Medical implants (and ingestibles) have escaped the Star Trek TNG set and entered the real world to the tune of a projected annual increase of nearly 11% in the U.S. A 2003 report from the Freedonia Group (www.freedoniagroup.com) puts the 2007 total at $24.4 billion. These devices range from the familiar pacemaker to little cameras that, when swallowed, send back a video report on conditions in the lower digestive track (see Sensors, September 2000, Research & Developments, "Camera-in-a-Capsule: An Easy Pill to Swallow"). Each requires a particular mix of control, monitoring, and communications capabilities, and Cambridge Consultants (CC) is working to fine-tune the IC core for individual applications.
A new low-IF radio transceiver can report on implanted and ingested medical devices such as pacemakers and pumps.
SubQore, CC's intelligent low-IF (intermittent frequency) radio transceiver architecture, was adapted from high-efficiency pager technology. Designed for in-body medical diagnostic and therapeutic use, it is intended for implementation on system-on-chip (SoC) units (subcutaneous radios can be the size of a button). It will operate in the 402–405 MHz Medical Implant Communications Service frequency band, endorsed by the FCC and ETSI and emerging as a global standard. Because the only other user of this band is meteorological equipment, the potential for interference is minimized and economy of scale is enhanced through standardization.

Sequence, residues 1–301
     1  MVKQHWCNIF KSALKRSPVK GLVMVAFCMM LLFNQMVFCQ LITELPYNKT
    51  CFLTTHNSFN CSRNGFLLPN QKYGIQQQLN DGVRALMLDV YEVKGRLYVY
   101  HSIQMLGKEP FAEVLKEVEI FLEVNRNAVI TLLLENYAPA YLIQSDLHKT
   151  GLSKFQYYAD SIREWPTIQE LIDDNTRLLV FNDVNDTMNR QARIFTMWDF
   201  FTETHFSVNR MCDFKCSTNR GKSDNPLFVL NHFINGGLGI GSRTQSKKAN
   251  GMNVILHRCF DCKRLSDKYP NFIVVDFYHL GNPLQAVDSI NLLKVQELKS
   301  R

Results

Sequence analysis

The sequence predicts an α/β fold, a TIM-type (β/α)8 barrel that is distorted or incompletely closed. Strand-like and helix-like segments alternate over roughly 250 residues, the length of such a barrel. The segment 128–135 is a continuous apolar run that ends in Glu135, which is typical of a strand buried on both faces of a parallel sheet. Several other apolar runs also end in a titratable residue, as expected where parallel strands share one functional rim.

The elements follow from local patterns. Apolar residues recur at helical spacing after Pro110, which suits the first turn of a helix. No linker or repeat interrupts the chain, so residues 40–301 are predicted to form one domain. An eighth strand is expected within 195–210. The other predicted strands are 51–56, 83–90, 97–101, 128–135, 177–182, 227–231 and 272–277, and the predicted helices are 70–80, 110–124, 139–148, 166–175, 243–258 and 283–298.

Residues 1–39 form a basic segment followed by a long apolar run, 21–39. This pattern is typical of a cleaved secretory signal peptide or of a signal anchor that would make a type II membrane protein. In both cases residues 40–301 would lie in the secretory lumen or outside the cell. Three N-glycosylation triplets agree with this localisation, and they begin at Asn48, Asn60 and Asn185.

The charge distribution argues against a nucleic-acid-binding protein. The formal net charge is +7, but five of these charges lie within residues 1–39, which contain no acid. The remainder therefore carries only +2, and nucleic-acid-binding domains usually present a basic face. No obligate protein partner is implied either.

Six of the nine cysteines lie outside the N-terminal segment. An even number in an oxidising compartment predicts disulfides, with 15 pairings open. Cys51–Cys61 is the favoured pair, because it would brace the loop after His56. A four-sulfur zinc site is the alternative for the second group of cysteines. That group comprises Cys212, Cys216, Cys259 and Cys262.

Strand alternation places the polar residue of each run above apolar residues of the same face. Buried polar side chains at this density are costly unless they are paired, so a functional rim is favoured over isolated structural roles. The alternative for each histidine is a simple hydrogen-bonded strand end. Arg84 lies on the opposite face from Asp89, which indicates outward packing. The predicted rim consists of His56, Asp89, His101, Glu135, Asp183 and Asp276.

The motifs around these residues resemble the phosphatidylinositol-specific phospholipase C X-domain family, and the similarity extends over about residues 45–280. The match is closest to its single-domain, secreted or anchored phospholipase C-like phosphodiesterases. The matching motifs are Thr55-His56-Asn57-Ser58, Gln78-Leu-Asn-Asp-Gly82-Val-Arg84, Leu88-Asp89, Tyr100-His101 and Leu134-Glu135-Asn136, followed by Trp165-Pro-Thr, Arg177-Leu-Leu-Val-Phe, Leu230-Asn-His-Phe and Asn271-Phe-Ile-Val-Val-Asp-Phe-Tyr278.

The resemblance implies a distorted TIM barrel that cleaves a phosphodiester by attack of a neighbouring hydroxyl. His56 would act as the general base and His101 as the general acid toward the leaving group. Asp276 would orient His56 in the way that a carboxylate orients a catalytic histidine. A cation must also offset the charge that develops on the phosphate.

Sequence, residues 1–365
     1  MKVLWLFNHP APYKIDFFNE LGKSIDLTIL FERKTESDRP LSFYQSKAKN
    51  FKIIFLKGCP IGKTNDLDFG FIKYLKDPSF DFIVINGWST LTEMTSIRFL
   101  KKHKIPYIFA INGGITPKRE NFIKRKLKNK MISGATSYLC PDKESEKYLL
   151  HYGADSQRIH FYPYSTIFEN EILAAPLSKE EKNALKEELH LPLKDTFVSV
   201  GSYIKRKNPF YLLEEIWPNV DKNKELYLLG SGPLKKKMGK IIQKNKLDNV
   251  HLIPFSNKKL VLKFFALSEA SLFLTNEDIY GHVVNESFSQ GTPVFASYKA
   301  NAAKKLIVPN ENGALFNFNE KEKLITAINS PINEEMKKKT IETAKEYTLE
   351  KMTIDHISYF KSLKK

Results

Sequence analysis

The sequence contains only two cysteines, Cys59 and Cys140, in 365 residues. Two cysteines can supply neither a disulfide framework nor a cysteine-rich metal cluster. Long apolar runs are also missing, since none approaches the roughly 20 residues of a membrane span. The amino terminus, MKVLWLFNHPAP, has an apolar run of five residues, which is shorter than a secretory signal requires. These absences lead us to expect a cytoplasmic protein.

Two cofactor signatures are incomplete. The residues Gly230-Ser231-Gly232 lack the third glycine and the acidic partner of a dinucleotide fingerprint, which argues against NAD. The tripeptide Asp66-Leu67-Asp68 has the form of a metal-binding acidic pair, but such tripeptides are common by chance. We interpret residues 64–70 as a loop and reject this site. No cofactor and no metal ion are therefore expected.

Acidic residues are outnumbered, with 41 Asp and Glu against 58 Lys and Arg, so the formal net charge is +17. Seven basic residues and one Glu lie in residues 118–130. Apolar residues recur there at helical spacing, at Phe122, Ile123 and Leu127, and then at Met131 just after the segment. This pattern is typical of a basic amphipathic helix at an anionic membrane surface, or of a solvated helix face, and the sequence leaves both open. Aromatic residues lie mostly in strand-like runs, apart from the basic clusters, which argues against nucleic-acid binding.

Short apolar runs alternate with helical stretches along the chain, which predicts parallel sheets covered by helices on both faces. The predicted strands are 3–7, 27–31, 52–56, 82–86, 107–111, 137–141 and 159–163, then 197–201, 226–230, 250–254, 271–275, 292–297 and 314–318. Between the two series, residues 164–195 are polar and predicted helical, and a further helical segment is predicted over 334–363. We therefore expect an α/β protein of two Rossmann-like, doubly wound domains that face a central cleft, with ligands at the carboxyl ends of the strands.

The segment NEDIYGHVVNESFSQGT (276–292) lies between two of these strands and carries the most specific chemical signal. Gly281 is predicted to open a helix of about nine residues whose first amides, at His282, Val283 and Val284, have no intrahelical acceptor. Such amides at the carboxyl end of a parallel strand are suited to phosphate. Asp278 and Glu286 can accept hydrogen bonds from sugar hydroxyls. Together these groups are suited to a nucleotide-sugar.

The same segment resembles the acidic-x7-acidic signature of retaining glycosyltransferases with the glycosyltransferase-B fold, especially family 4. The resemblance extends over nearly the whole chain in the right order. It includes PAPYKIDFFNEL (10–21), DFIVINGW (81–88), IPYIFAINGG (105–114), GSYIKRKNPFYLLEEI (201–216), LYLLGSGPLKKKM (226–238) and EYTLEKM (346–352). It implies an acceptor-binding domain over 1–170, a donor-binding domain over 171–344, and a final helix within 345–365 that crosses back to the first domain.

SubQore's energy requirements are negligible—an average current draw of <1 µA and <1.7 mA peak for a 0.05% duty cycle, 400 Kbps bidirectional communications application. This translates into a life span greater than 10 years for a lithium cell in a standard pacemaker, for example. However, flexibility built into the radio design also allows the chip to be used for other systems with short-term high-data-rate communications requirements such as that tiny camera.
The widest block in this chip-scale magnetometer is a sealed, transparent cell containing a vapor of rubidium atoms.
In its basic form, SubQore's radio uses digital phase-shift keying data modulation, but the hardware that controls modulation has been designed to provide a degree of DSP flexibility that will support higher-efficiency schemes for more demanding applications such as video transfer. The lean RISC microcontroller core, XAP, provides similar flexibility and can be equipped with a range of digital and analog I/O and memory sizes to suit the application.
Among SubQore's likely applications are implantable pacemakers, defibrillators, remote telemonitors, orthopedic devices, pump controllers, nerve stimulators, and ingestible imaging and diagnostic systems.